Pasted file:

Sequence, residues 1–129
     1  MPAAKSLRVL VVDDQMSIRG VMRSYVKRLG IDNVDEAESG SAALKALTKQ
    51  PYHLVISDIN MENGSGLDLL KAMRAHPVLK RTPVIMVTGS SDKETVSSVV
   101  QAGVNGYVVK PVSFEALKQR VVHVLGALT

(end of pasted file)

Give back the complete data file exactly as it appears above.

Sequence, residues 1–129
     1  MPAAKSLRVL VVDDQMSIRG VMRSYVKRLG IDNVDEAESG SAALKALTKQ
    51  PYHLVISDIN MENGSGLDLL KAMRAHPVLK RTPVIMVTGS SDKETVSSVV
   101  QAGVNGYVVK PVSFEALKQR VVHVLGALT